Use Spectrum Analyzer To Make Your Mixes Sound Better

Use Spectrum Analyzer To Make Your Mixes Sound Better

Getting your mix sound right – especially in the low frequency area – can be challenging. If you don’t have a proper listening environment and a decent monitoring system you easily end up with an unbalanced mix that doesn’t translate very well to other audio systems (club PA’s, car stereo’s, etc).

In a situation like this, spectrum analyzer comes in very helpful. It will show you visually what’s going on in your mix in frequency-wise and this will help you to tweak your sounds in a way that they won’t clash with each other too much.

In addition to the built-in analyzers that comes with your DAW, there’s a bunch of really good free third party spectrum analyzer plugins available such as Voxengo SPAN and Blue Cat Audio’s FreqAnalyst. My personal favourite is the Seven Phases Spectrum Analyzer (if the original link is down, check out here or here). I like it because it can show the frequency peaks as bars and personally, I find it easier to read bars than curves.

But how do you use a spectrum analyzer in practice?

Firstly, it’s a good idea to drop it into a Master channel. This way you can see the frequency spectrum of each sound in your mix individually (by soloing the tracks/channels) as well as the whole mix.

How do you read the spectrum analyzer? What to look for?

For instance: check where in the frequency range your sounds are peaking in solo… do they clash badly with each other? Are there any unwanted frequencies in your sounds/samples that needs to be EQ’ed (ie. low frequencies in hihat samples)? Then make changes to your mix according to that.

I find spectrum analysis extremely useful especially when working with kick drums and bass sounds. Due to the limitations of my budget monitors, I can’t tell for sure how low the kick drum or bassline will go so I quickly check it in the spectrum analyzer. For example, if I have sub bass peaking in the 30-50Hz area and I see that the kick drum’s ‘tail’ is also peaking heavily in the same frequency area there will be problems: they clash, make the low end sound messy, may cause phasing issues and they will unnecessarily use most of the mix headroom. So I need to make a choice: I can try to make the bass sound less prominent in that area either by EQing it, using a different bass sound, re-arranging the bass sequence (so that the bass doesn’t hit at same time with the kick) or using sidechain compression. Or I can just roll off the low end from the kick. Anyway, without the spectrum analyzer these kind of problems wouldn’t be so obvious.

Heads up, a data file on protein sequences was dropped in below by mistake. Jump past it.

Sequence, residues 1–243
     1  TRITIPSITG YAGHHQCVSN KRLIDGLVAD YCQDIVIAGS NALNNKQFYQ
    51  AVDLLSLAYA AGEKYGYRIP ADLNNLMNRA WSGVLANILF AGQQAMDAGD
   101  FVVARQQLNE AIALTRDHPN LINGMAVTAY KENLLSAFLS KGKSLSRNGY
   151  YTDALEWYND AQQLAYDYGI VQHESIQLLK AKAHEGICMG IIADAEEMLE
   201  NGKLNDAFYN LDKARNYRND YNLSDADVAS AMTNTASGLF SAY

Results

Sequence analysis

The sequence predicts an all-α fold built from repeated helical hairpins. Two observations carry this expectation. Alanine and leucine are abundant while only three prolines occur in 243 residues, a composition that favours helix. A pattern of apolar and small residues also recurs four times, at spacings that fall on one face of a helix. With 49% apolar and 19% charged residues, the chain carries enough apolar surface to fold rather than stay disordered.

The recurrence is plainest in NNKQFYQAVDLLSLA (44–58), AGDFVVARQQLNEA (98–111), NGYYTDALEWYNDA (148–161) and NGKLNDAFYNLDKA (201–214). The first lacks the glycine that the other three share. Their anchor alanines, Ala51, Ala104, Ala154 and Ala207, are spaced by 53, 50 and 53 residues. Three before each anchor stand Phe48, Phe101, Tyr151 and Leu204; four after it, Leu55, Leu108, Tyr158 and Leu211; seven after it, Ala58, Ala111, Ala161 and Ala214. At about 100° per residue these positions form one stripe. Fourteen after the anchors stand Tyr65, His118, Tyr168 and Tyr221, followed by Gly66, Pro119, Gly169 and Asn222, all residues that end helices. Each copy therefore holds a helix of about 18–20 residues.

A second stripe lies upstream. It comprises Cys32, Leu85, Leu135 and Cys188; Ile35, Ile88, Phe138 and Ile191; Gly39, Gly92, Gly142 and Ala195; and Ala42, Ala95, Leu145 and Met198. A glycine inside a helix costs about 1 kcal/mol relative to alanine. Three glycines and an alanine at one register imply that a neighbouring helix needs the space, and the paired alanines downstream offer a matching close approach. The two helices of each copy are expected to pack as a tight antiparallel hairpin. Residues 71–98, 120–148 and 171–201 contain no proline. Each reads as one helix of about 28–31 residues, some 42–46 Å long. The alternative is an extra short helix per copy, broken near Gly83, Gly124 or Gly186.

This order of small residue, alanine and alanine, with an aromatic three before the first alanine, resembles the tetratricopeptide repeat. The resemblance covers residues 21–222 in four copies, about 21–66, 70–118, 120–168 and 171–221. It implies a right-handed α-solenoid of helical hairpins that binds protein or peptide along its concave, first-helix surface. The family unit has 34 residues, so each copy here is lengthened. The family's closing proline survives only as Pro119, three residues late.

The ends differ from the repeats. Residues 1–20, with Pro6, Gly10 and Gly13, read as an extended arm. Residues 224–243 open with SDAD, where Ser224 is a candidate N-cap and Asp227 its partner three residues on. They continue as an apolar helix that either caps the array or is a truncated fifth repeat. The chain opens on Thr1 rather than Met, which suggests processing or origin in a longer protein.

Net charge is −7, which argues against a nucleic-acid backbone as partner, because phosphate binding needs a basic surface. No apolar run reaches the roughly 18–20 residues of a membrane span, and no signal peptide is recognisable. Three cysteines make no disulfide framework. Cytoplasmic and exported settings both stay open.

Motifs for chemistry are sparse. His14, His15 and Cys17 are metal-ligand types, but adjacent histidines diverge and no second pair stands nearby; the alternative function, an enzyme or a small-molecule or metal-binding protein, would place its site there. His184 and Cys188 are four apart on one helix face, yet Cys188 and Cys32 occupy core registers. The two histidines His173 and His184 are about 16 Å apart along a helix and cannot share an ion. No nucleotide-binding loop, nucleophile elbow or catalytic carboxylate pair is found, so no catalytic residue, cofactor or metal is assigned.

Another thing you can do with spectrum analyzer is to check the frequency range of a reference mix – a well produced commercial song in the same musical genre as yours – and do a comparison: try to identify in what frequency areas your song is lacking the power or on the contrary, if there’s something that is unnecessarily prominent. Then make changes if necessary.

Check the video below for a spectrum analyzer in action. In the video, I have an example mix with sub-heavy kick and sub bass and you will see how the analyzer reveals a problem in the low frequency range which wouldn’t have been so easy to detect with my monitor speakers. I’m using the Seven Phases Spectrum Analyzer in the video: